Luiz Gohara’s MLB debut? Not so hot. His future here? Quite bright

Luiz Gohara in his first big-league start. (AP Photo/Todd Kirkland)

If you’re wondering why the Atlanta Braves have made Luiz Gohara a four-levels-in-one-season guy, it’s because they want him to feel as if he belongs at the highest level. He started the year in High-A. He made his Triple-A debut on July 28. He made his first big-league start two days after Labor Day. He’s moving fast.

His four innings against the Rangers on Wednesday afternoon were mostly forgettable. He got 12 outs and generated eight baserunners (four hits, four walks). He yielded six earned runs. His ERA in the bigs is 13.50. But …

He struck out six in four innings. His fastball popped, as you’d expect. His slider slid, which is a big deal for any pitcher. If you have a big fastball and a nasty slider, you’ve got a chance to be here a good long while. Gohara has that chance.

“He can get major-league hitters out,” Braves manager Brian Snitker said. “There’s no question about that. It’s just a matter of command.”

The Braves know full well that Gohara, with 127 2/3 innings over four levels, has nearly doubled his previous professional high. That’s part of the reason they’ve adopted, at least for the moment, a six-man rotation. They want to see what he can do, but they don’t want to overtax a pitcher who just turned 21. Because they think he has a chance to make their team coming out of spring training.

Unlike last winter, the offseason ahead doesn’t figure to see the Braves in heated pursuit of a starting pitcher. Figure Julio Teheran, who has had a terrible year, doesn’t get traded because the Braves don’t want to receive pennies on the dollar in return. Figure Mike Foltynewicz, recent wobbles aside, has done enough to merit inclusion in next year’s rotation. Figure the team exercises its option and retains R.A. Dickey. That’s three starters.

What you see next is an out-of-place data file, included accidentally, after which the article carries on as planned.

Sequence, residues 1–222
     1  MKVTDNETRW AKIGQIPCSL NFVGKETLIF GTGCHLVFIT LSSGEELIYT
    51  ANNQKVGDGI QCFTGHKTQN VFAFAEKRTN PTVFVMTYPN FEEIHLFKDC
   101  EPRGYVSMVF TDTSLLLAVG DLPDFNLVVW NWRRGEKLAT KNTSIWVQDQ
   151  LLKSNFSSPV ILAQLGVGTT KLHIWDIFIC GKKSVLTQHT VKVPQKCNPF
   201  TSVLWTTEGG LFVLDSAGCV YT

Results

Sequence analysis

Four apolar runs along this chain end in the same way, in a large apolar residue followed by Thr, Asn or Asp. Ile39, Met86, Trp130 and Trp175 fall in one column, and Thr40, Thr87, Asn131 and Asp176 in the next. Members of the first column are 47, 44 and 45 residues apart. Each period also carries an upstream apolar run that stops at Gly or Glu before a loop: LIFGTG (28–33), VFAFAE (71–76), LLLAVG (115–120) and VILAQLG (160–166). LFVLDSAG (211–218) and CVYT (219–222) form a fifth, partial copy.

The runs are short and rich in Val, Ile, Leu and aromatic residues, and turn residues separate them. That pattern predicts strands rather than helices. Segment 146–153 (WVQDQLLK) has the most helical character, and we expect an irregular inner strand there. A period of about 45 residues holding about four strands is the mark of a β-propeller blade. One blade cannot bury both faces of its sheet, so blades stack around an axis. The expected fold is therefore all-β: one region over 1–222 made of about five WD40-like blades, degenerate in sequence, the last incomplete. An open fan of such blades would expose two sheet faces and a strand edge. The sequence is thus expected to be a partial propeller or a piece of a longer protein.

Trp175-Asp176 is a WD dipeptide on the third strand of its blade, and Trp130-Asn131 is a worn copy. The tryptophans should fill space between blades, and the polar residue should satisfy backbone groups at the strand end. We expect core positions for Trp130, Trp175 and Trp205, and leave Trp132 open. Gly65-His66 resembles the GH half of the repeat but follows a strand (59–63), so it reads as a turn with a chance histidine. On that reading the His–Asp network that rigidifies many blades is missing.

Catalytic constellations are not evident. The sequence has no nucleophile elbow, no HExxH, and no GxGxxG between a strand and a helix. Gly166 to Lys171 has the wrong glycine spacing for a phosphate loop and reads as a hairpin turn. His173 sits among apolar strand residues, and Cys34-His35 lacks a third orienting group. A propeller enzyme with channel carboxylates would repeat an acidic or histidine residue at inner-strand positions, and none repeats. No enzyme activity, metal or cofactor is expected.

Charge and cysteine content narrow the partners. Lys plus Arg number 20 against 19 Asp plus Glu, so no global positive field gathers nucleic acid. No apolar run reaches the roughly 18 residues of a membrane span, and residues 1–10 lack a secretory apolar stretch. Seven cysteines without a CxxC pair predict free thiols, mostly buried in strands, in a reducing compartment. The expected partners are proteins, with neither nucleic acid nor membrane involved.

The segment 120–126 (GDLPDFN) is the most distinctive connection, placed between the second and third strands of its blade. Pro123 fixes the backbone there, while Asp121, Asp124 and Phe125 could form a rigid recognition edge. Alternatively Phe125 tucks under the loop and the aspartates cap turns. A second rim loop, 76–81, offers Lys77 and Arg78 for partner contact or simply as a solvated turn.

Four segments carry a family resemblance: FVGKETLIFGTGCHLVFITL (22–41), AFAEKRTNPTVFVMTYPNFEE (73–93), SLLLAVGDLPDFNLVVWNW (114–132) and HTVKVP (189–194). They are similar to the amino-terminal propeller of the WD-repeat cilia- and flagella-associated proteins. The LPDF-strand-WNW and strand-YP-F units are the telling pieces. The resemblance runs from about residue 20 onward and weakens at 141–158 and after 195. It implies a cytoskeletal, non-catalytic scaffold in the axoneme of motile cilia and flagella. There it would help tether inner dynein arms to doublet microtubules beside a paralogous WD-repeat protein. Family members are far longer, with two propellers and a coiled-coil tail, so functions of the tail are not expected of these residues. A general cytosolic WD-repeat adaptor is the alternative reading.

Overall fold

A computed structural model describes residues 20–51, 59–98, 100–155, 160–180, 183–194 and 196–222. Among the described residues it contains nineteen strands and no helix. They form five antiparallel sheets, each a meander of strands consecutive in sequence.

For the other two slots, the Braves could pick from Gohara, Sean Newcomb and Max Fried — all power left-handers, all who’ve made their big-league bow this summer. We know from the egregious failures of Matt Wisler and Aaron Blair that not every young pitcher delivers on his promise, but these three lefties throw harder than Wisler and Blair, and they are, duh, left-handed.

I know it sometimes seems the Braves are going nowhere fast. At such a time, I’d suggest that Gohara’s arrival be read as another sign of gentle progress. He has a bigger arm than Wisler and Blair, meaning hope is being replaced by expectation. No, not all prospects pan out, but eventually some of them will — and the greater the talent, the less the chance of failure.

And we say again: As much as the Braves like these three young lefties, the pitchers they absolutely love are the ones they’ve drafted (Allard, Soroka, Anderson, Wentz and Wright.) They’re not quite ready. They might be by this time next year. Contrary to popular belief, the Braves do have starting pitching. Some of it is here already.

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17 comments
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sea8491
sea8491

Soroka is ready now, have you seen him pitch?  Looks like



JeffCriswell
JeffCriswell

Who's to say whether any of this first wave - Folty, Wisler, Blair, Sims, Fried, Gohara, Newcomb will stick. Let's hope for the best. Some of these guys may end up in long relief, absolutely critical roles.You can't help but like the younger pitchers who are absolutely not ready yet and won't (IMO) be for 2 years. Braves everyday guys need to stay focused on their jobs. Swanson, Inciarte, FF, Albies, have all shown great upside. Acuna is still young but looks good. We have a winner at 3rd in Austin Riley, who absolutely raked in AA ball and should be invited to the big league camp next Spring. It's coming together but patience is the order of the day. 

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Buschleaguer
Buschleaguer